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How an Eritrean doctor who now lives in exile in the UK , is trying to bring healing to his suffering people

ICC Note

“Even social event like the gathering of Christian students is banned. So Christians are harassed, persecuted, and tortured.”

By Dan Wooding

October 6, 2007 Eritrea (ANS) — Dr Berhane Asmelash trained and worked as a doctor until he became church director and medical projects coordinator of the Kale Hiwot Church, Eritrea, in 1994. He was the overseer of fourteen churches and various social projects until his Church sent him to the U.K. to pursue theological study in 1999.

However, the trouble-torn situation in the African nation of Eritrea meant he was unable to return and now he now directs Release Eritrea , an advocacy group that campaigns tirelessly for religious freedom in Eritrea where many Christians are imprisoned, some in shipping containers, as well as pursuing post-graduate theological study and ministerial training.

Peter Wooding, news director of UCB UK, recently interviewed Dr. Asmelash at two UNITE events in West Bromwich, UK, that also launched Brother Andrew’s new book, Secret Believers: what happens when Muslims believe in Christ, written with Al Janssen. (Brother Andrew was the main speaker the gathering.)

Peter Wooding first of all asked Dr. Asmelash to give some background on himself.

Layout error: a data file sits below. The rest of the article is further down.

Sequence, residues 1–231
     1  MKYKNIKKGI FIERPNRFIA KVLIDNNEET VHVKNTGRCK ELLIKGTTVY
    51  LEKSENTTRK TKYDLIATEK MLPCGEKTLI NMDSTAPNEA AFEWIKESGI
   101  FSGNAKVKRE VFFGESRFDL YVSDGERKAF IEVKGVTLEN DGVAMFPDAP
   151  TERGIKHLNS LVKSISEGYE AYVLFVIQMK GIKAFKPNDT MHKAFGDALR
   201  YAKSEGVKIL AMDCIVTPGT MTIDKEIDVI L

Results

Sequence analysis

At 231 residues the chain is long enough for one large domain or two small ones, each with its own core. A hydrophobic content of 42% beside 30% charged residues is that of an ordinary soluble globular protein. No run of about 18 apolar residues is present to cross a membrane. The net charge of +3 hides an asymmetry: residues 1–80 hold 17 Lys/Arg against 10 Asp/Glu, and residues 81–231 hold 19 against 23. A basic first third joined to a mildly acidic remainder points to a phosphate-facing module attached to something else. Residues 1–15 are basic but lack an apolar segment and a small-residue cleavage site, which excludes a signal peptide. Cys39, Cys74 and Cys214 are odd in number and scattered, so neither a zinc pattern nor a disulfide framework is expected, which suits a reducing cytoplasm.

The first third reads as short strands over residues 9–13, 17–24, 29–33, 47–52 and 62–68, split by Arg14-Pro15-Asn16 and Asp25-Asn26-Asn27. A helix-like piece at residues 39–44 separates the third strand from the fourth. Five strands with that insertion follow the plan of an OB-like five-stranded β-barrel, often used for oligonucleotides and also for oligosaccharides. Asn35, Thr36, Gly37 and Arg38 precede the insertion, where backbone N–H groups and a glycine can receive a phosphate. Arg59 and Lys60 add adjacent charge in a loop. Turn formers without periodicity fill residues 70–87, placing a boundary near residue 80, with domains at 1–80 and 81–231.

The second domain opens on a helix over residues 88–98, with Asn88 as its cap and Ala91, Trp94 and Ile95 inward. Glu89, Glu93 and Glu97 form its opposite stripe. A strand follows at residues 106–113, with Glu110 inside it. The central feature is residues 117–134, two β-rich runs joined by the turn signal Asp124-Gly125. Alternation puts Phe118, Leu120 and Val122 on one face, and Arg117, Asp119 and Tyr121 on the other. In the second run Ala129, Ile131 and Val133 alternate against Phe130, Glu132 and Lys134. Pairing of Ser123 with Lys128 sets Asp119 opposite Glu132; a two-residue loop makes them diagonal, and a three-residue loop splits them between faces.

“My name is Berhane Asmelash and while I was in Eritrea , I was a medical doctor, but I felt God’s calling and I joined the church,” he began. “I led the church for six years and I came to the UK to study theology. But while I was studying theology here, our government closed my church and arrested many of the Christians. So I decided to stay here.

“Now I am campaigning on behalf of Christian brothers and sisters in Eritrea . My organization is called Release Eritrea which primarily is an advocacy organization and our work is mainly split into three parts:

“Firstly, we speak on behalf of persecuted Christians. We have a website (www.release-eritrea.org.uk) where we post news, and we also we write letters to church leaders and MP’s and also to our government in Eritrea .

“Our second job is prayer. We lead prayer conferences and we encourage British Christians to pray for the Eritrean prisoners.

“The third part of our ministry is humanitarian aid. We try to support the prisoners or families of prisoners in Eritrea . We also do support refugees in Ethiopia , Sudan , and in other places of the world.

“So we have three kind of ministries. However, our main focus is the advocacy. We try to let everybody know what’s happening in Eritrea .”

Peter Wooding then asked him to describe the scale of persecution against Christians in his homeland.

“The persecution started first by closing churches, and we thought it would stop there,” said Dr. Asmelash. “However, a few months after the churches were closed, the government security forces started to raid house Bible groups, Bible studies, prayer groups, and Christian weddings.

“That then led to this persecution where Christians are being arrested in their homes, their offices, on the streets, for just being Christians.

“At the moment, in some places, Christians are not allowed to take office jobs in the government such as teaching, or secretarial and managerial positions. Christians are discriminated at all levels of our society. They are not allowed to conduct weddings as there is no recognition of Christians by the government. So now, Christians are getting married in secret places with the pastor, the parents of the bride and groom and maybe one friend each there for the ceremony.

They spend their honeymoon in prison

“However, if the government finds out about this they arrest the bride and groom and take them to prison. We have dozens of brides and brooms who spend their first week of honeymoon in prison.